Vivian Salmon

List of John Benjamins publications for which Vivian Salmon plays a role.


Subjects History of linguistics
Subjects English linguistics | English literature & literary studies | Germanic linguistics | History of linguistics


John Minsheu (1560–1627) has long been known to historians of lexicography as the author of an impressive comparative and etymological dictionary, Ductor in Linguas (1617). Less well known is his grammar of Spanish (1599), which is unusual for its time in displaying interest in socio-linguistic… read more | Article
Salmon, Vivian. 1992. 'Philosophical' Grammar in Wilkins' Essay. John Wilkins and 17th-Century British Linguistics, Subbiondo, Joseph L. (ed.), pp. 207 ff.
Thomas Harriot (1560–1621) was an outstanding mathematician and astronomer whose scientific writings – had they not been allowed to remain in manuscript – would long ago have earned for him an international esteem comparable with that of Galileo and Kepler. Only in recent decades has his status… read more | Article
Salmon, Vivian. 1992. Anglo-Dutch Linguistic Scholarship: A Survey of 17th-Century Achievements. The History of Linguistics in the Low Countries, Noordegraaf, Jan, Kees Versteegh and E.F.K. Koerner † (eds.), pp. 129 ff.
Although political, social and cultural relationships between 17th-century England and the Netherlands have inspired several books and articles, no general account has yet been produced of the linguistic achievements, academic and applied, which resulted to a large extent from the common personal… read more | Article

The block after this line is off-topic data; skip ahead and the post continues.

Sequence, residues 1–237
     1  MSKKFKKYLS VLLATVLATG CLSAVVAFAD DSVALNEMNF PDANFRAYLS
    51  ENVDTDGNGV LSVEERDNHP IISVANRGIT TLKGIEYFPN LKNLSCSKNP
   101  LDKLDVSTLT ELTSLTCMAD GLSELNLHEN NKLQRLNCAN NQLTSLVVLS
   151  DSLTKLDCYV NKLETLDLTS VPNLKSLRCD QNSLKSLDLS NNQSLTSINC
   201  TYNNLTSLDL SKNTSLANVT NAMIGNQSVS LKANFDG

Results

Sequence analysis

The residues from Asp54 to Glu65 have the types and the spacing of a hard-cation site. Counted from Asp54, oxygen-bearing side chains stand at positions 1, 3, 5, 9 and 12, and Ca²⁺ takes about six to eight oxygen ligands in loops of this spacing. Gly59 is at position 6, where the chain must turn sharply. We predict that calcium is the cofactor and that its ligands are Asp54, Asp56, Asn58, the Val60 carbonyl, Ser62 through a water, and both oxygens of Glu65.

Salmon, Vivian. 1987. Sentence Structures in Colloquial Shakespearian English. A Reader in the Language of Shakespearean Drama, Salmon, Vivian and Edwina Burness, pp. 265 ff.
Salmon, Vivian. 1987. Some Functions of Shakespearian Word-Formation. A Reader in the Language of Shakespearean Drama, Salmon, Vivian and Edwina Burness, pp. 193 ff.
Salmon, Vivian. 1987. Elizabethan Colloquial English in the Falstaff Plays. A Reader in the Language of Shakespearean Drama, Salmon, Vivian and Edwina Burness, pp. 37 ff.
Accounts of Christian missionary linguists in the 16th and 17th centuries are usually devoted to their achievements in the Americas and the Far East, and it is seldom remarked that, at the time when English Protestant missionaries were attempting to meet the challenge of unknown languages on the… read more | Article
John Brinsley (1566-c.1630) seems to have been the first English scholar to publish a comprehensive language-teaching course for students of Latin. His first textbook, which appeared in 1612, was a lengthy discussion of teaching method; it was followed by a grammar, and by translations of Latin… read more | Article
One of the major achievements of Britsh linguistic scholarship before the 19th century was John Wilkins’ (1609–72) Essay towards a Real Character, and a Philosophical Language (1668), which attempted to construct, for scientific purposes, a language in which the elements were isomorphic with the… read more | Article